FIFA World Cup 2018, Group D
FIFA World Cup Appearances: 4
Best Finish: Third 1998
FIFA World Ranking: 18
Croatia would have liked the look of a qualifying group featuring Iceland, Turkey, Ukraine, Finland and debutants Kosovo, but an inconsistent campaign meant that their journey to Russia was more complicated than it might have been.
After a promising start, defeats in Turkey and Iceland, together with a home draw against Finland, led to manager Ante Cacic – who had led them to the last 16 at Euro 2016 – being replaced by Zlatko Dalic two days before a crucial trip to Ukraine. Dalic inspired the 2-0 win that saw them into a two-legged playoff against Greece, which was won 4-1 on aggregate.
Experienced striker Mario Mandzukic (below) top-scored with five, but there are goals throughout the squad – five of the group heading to Russia are in double figures for the national team. At the other end, Croatia were susceptible to late goals during the qualifiers – both defeats came to strikes in the last 15 minutes, and it was a 90th-minute Finland equaliser that cost Cacic his job.
Iceland 1 Croatia 0
A campaign-changing result at the Laugardalsvollur stadium dealt a blow to then manager Ante Cacic’s side, with a stoppage-time header from Bristol City defender Hordur Magnusson enough to seal a crucial three points for the eventual group winners.
Croatia had enjoyed 59 per cent possession and dominated for large periods, but only managed to register one shot on target during 90 minutes. The away side set up in a 4-3-3 formation but lacked the creative movement and penetration that could have created more chances. Iceland were happy to wait for their opportunity, which came in the form of a set-piece – a definite weakness of this Croatia side.
The visitors badly missed the intelligent distribution of Barcelona midfielder Ivan Rakitic in deep central positions, which meant that Luka Modric and Mateo Kovacic were forced deeper to find possession. This meant fewer players further up the pitch and less impact in key areas.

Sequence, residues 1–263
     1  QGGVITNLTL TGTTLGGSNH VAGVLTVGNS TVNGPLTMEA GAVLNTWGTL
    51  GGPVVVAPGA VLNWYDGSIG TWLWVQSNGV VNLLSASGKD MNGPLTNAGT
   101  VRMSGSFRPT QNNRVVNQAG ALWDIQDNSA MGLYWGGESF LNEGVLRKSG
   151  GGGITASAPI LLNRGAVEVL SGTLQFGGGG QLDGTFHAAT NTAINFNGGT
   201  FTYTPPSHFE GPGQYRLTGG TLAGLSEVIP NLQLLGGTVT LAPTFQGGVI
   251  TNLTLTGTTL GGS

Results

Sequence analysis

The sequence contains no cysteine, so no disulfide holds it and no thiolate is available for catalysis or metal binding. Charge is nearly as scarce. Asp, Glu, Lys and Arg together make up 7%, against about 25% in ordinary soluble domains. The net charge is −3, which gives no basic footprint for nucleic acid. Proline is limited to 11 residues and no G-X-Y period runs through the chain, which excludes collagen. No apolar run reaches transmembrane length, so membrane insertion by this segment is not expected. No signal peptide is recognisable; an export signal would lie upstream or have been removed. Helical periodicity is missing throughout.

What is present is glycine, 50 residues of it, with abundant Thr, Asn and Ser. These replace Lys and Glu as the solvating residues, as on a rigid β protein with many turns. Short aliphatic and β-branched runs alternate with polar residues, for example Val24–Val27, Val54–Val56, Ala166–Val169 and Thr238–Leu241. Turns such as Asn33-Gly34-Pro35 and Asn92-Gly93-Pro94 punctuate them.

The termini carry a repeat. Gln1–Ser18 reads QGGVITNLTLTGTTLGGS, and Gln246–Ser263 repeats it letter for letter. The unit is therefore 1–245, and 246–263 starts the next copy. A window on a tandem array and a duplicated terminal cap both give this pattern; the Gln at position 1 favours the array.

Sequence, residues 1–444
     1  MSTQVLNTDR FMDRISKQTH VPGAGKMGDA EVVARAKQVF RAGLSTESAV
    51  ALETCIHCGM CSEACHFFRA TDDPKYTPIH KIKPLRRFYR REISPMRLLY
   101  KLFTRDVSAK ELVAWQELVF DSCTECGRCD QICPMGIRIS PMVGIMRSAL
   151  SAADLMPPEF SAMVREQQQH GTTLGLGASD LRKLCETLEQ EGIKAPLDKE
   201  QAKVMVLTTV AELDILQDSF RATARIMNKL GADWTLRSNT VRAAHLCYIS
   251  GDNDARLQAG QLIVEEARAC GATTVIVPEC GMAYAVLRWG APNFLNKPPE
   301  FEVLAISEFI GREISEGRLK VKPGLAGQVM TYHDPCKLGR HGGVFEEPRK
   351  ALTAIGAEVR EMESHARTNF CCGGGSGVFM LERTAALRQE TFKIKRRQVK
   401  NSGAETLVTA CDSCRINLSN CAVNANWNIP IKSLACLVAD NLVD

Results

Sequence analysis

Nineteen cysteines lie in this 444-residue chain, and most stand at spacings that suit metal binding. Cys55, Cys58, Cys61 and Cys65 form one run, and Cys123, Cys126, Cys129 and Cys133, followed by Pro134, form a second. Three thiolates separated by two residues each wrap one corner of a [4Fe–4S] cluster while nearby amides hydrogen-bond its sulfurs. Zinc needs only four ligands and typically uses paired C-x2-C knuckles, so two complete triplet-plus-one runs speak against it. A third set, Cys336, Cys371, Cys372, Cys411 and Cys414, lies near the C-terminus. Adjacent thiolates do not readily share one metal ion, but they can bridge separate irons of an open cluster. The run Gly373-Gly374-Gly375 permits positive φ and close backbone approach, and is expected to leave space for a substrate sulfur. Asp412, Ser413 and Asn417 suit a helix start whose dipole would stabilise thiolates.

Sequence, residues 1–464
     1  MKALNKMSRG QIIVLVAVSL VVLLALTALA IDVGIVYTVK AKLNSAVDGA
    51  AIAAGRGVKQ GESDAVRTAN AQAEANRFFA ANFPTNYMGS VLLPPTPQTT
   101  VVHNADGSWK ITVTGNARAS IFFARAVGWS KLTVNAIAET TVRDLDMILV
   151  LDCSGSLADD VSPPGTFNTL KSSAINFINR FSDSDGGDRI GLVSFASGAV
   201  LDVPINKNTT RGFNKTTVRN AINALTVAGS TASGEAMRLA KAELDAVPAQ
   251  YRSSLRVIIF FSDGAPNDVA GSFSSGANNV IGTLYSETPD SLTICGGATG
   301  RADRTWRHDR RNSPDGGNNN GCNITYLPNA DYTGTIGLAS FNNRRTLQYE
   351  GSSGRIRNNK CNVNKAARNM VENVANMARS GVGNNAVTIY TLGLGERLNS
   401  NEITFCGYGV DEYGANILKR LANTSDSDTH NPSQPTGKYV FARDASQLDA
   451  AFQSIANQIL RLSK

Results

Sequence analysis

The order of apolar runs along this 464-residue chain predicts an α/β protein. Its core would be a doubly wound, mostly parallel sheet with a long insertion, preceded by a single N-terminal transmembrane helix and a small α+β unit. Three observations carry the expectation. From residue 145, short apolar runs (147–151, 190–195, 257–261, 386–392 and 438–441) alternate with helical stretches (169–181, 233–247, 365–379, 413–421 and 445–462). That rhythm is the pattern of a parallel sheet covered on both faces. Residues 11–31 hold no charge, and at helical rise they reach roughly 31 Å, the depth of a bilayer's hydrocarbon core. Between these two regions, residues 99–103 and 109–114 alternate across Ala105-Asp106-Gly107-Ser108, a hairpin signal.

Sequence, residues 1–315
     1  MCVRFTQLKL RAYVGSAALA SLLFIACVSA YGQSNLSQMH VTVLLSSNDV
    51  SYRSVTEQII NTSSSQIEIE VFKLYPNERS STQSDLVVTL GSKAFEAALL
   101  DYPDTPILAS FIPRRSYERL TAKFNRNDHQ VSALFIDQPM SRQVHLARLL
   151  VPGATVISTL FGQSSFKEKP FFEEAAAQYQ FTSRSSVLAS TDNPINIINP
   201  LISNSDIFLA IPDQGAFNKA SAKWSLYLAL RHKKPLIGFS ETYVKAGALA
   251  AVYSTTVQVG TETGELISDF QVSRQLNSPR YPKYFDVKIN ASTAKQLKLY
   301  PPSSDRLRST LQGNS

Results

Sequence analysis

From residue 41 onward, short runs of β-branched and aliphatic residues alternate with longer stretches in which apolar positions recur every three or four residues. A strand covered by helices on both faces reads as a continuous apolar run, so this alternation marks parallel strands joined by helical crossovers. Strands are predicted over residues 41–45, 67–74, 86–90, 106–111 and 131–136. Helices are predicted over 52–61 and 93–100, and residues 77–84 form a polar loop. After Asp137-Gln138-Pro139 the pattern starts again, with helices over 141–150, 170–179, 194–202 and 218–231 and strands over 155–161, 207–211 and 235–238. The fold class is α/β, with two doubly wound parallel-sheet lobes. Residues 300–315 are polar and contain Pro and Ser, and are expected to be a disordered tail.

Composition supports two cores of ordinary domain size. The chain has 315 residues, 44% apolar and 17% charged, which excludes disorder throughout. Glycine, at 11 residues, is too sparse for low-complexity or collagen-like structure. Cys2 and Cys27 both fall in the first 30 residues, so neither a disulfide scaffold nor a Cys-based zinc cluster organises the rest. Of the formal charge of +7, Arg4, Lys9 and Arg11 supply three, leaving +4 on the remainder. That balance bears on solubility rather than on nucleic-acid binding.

Croatia 4 Greece 1
Having secured second place ahead of Ukraine in Zlatko Dalic’s first game in charge, Croatia headed for the playoffs – and they delivered an accomplished display in the first leg against Greece in Zagreb. First-half goals from Modric, Nikola Kalinic and Ivan Perisic (below) did the damage in a 4-1 win from which Greece couldn’t recover.
Croatia operated in a 4-2-3-1, with Rakitic and Inter midfielder Marcelo Brozovic playing in the deeper positions from where they managed to dictate matters. This freed up Modric to play in the number 10 position, where he was able to create a host of problems for a Greek side that offered little resistance. Full-backs Ivan Strinic and Sime Vrsaljko created two of the home side’s four goals on the night, with Atletico Madrid right-back Vrsaljko a particular threat all night.
Midfielder, 32, Real Madrid
Croatia’s most experienced and possibly most important player, Modric is one of only six men to have played 100 times or more for the national team. Known for his precise passing and creativity, the central midfielder will be vital to his team’s hopes in Russia, where he will be featuring in his third World Cup.
Modric began his career at Dinamo Zagreb, where he enjoyed five years and won three domestic titles before moving to Tottenham Hotspur. It was in London where Modric really built his reputation, before securing his big move to Spanish giants Real Madrid in 2012. His time in the Spanish capital has been highly successful, headlined by no fewer than four Champions League wins.
In Russia, we can expect to see Modric (below, right) playing in a more advanced role for Croatia than he occupies at Real, most likely in the number 10 position behind a lone central striker. The captain of the side, he will also be charged with the responsibility of unlocking defences in a tough group: Croatia are in with Argentina, Nigeria and their old qualifying foes Iceland.
Right-back, 26, Atletico Madrid
Perhaps best known to England fans as the man sent off against Arsenal in this season’s Europa League semi finals, Vrsaljko is an increasingly impressive full-back who played a central part in the playoff victory over Greece that earned Croatia their place in Russia.
The 26-year-old (above, left) began his senior career at Dinamo Zagreb, but after four straight titles left for Italy in 2013. After three seasons in Serie A – one with Genoa, two at Sassuolo – he joined Diego Simeone’s Atletico, where he was part of the team that defeated Marseille in last month’s Europa League final.
We can expect to see Vrsaljko getting forward plenty in Russia, sometimes as the highest and widest player on the right – which allows whoever plays in front of him, most likely Kalinic or Perisic, to drift into central areas. He has a deadly delivery from wide areas and is a likely source of assists for as long as Croatia remain in the tournament.